What Do People Go To Rehab For? (Best solution)

Many people go to rehab because they realize the detrimental toll their problem has taken on loved ones. Many parents, for example, develop significant stress and financial issues when their child is addicted to drugs, on top of the emotional pain.

  • For those battling substance abuse, going to rehab means leaving the comforts of home, and leaving the comforts of drugs and alcohol, to get sober. It means asking for help. Most of all, it means change – changing habits, behaviors, maybe even their hobbies and friend groups. But as we all know, change can be good.


What are the reasons for rehabilitation?

Put simply, rehabilitation helps a child, adult or older person to be as independent as possible in everyday activities and enables participation in education, work, recreation and meaningful life roles such as taking care of family.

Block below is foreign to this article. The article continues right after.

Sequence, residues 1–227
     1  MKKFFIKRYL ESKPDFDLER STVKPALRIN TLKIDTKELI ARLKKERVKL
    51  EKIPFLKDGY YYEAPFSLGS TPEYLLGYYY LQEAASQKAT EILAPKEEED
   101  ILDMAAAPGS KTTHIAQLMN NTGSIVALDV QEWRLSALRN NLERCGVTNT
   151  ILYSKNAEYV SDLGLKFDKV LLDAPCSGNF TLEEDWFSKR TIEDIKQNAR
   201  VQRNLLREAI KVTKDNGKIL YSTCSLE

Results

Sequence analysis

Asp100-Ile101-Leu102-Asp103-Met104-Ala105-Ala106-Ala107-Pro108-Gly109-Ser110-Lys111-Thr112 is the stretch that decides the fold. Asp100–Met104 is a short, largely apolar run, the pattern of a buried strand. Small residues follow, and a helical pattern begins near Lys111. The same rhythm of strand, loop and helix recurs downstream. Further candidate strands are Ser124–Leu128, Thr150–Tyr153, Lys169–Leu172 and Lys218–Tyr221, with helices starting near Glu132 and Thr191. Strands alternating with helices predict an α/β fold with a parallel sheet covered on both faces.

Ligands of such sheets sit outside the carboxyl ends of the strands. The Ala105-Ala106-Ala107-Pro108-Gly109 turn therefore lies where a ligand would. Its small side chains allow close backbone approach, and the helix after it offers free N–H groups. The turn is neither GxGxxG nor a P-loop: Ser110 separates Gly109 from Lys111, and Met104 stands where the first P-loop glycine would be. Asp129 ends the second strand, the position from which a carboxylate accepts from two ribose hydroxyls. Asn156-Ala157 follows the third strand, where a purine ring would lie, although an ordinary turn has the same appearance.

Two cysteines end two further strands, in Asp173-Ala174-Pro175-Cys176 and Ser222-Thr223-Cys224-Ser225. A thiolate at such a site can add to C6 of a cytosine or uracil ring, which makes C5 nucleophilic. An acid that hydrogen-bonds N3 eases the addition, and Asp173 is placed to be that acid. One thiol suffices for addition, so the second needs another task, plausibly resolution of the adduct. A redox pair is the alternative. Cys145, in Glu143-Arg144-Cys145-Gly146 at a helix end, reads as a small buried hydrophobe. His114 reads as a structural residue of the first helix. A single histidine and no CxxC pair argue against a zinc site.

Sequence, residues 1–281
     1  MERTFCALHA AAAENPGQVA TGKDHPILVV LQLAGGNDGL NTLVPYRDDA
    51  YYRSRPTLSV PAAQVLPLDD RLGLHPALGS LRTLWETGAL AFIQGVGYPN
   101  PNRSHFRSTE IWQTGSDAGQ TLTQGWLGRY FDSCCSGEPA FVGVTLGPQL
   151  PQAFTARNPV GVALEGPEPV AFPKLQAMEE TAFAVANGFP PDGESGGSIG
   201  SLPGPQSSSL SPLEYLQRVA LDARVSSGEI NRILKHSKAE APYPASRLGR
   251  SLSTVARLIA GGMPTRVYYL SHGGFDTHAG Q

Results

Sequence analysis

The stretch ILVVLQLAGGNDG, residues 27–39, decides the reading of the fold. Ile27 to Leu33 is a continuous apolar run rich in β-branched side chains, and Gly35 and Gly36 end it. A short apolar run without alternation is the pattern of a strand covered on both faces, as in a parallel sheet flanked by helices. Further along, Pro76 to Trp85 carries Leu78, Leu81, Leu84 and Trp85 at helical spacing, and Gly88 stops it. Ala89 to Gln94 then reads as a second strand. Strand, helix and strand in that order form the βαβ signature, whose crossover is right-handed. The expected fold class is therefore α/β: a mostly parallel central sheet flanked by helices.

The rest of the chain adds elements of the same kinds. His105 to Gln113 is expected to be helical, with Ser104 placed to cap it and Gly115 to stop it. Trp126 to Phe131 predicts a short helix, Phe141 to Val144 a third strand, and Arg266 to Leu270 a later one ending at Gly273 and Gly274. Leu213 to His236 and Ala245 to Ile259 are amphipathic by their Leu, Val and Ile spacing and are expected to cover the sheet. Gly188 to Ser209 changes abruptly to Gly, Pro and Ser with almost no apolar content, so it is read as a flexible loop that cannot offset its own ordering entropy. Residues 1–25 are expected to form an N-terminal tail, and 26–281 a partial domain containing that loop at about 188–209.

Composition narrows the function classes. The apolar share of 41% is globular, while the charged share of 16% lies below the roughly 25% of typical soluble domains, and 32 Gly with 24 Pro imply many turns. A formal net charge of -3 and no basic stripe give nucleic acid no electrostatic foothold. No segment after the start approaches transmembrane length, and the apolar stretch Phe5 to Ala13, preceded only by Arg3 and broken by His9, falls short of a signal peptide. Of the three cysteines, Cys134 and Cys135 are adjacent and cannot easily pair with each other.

What does going into rehab mean?

idiom. to rehabilitate (or rehab): to restore (someone’s) health, to make someone fit for returning to work or to society.

How long does a person need to be in rehab?

To get clean and start a plan for long-term rehabilitation, most addicts require at least three months of rehab. Longer treatment durations provide the best results, according to research. Longer treatment services for rehab alcoholic can seem overwhelming at first, but they can be the most effective.

Is it good to go to rehab?

Rehab Is The Best Chance For Recovery If you have an addiction and want to get sober, treatment may be your best option. Beating an addiction to drugs or alcohol requires not only eliminating the physical dependence but also addressing the behavioral issues.

Does rehab Work for Depression?

Many people with depression report positive results after staying at a residential rehab center. Common benefits include reduced stress and anxiety, higher self-esteem, body acceptance, increased self-confidence, a more balanced outlook on life, and improved physical and mental health.

What are types of rehabilitation?